Three Minute Thesis Competition
Criminology Student Presentations
The 3MT is held at many universities across Australia and New Zealand, culminating in a Trans-Tasman 3MT event held in October 2015. The competition aims to professionally develop the presentation and research communication skills of all participants, honing their ability to effectively explain their research in a language that can be comprehended by a non-specialist audience.
This year three Criminology PhD students and one Criminology Honours student entered into the 3MT Competition to represent the School of Criminology. For more information about the 3MT competition visit: www.griffith.edu.au/three-minute-thesis-competition
Griffith University Criminology PhD Candidate & 3MT semi-finalist
In the contemporary criminal justice system, most defendants plead guilty. Yet historically, most criminal cases went to trail before a jury. Lisa's research draws on historical data from the Supreme Court, criminal case files, and newspaper reports to explore how and why the guilty plea came to dominate the prosecution process in Australian criminal courts.
Griffith University Criminology Honours student & 3MT entrant
Cyber fraud victimisation and strategies for prevention: Conceptualising online users vulnerability, perceptions and concerns of victimisation, and the use of self-protective behaviours.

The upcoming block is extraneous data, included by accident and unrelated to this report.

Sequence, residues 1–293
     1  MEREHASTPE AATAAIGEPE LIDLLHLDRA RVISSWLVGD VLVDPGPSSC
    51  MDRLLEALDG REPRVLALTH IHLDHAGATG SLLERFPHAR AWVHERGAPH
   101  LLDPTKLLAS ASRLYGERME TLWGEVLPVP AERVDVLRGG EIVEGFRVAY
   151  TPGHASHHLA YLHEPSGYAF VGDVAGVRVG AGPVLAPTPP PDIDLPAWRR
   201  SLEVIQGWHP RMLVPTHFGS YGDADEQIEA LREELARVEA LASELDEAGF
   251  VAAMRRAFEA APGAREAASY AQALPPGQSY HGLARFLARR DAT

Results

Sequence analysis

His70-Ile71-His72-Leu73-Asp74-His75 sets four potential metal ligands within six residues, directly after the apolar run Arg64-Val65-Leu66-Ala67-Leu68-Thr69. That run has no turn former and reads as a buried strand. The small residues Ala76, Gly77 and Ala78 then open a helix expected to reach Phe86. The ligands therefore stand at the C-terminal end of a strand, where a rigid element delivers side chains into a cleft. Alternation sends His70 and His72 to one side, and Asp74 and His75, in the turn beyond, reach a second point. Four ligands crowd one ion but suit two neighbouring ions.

Griffith University Criminology PhD Candidate & 3MT entrant
Subjecting the same families to repeated child protection investigations is stressful for those families and is expensive for governments. Research has shown which families are most often affected, but to reduce rates of repeated child protection involvement, we need to understand and align the priorities of decision makers throughout the child protection system.
Griffith University Criminology PhD Student & 3MT entrant
Emily's thesis examines guardianship in the Brisbane suburbs. She is interested in understanding how local residents can act to prevent crime for occurring. This talk covers how we can build safe streets and houses to naturally facilitate supervision behaviour to deter burglary.